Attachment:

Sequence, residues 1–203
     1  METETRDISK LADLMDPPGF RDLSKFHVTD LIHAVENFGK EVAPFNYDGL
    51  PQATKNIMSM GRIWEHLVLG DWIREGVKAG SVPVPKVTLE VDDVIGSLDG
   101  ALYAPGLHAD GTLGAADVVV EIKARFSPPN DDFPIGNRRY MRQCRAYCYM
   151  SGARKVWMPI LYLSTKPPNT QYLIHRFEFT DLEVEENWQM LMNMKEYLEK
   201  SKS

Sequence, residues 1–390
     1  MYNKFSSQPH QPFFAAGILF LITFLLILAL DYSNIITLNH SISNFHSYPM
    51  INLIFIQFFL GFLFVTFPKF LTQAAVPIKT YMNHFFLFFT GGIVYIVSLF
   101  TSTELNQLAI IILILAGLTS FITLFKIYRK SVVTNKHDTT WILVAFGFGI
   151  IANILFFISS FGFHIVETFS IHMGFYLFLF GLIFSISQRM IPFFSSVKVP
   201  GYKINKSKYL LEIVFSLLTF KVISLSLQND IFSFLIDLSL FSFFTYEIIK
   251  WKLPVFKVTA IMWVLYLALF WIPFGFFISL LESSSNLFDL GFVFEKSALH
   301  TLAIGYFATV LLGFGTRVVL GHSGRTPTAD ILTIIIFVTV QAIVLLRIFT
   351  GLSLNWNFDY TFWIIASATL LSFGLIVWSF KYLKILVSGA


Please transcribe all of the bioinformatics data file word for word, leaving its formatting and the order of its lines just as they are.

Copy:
Sequence, residues 1–203
     1  METETRDISK LADLMDPPGF RDLSKFHVTD LIHAVENFGK EVAPFNYDGL
    51  PQATKNIMSM GRIWEHLVLG DWIREGVKAG SVPVPKVTLE VDDVIGSLDG
   101  ALYAPGLHAD GTLGAADVVV EIKARFSPPN DDFPIGNRRY MRQCRAYCYM
   151  SGARKVWMPI LYLSTKPPNT QYLIHRFEFT DLEVEENWQM LMNMKEYLEK
   201  SKS

Sequence, residues 1–390
     1  MYNKFSSQPH QPFFAAGILF LITFLLILAL DYSNIITLNH SISNFHSYPM
    51  INLIFIQFFL GFLFVTFPKF LTQAAVPIKT YMNHFFLFFT GGIVYIVSLF
   101  TSTELNQLAI IILILAGLTS FITLFKIYRK SVVTNKHDTT WILVAFGFGI
   151  IANILFFISS FGFHIVETFS IHMGFYLFLF GLIFSISQRM IPFFSSVKVP
   201  GYKINKSKYL LEIVFSLLTF KVISLSLQND IFSFLIDLSL FSFFTYEIIK
   251  WKLPVFKVTA IMWVLYLALF WIPFGFFISL LESSSNLFDL GFVFEKSALH
   301  TLAIGYFATV LLGFGTRVVL GHSGRTPTAD ILTIIIFVTV QAIVLLRIFT
   351  GLSLNWNFDY TFWIIASATL LSFGLIVWSF KYLKILVSGA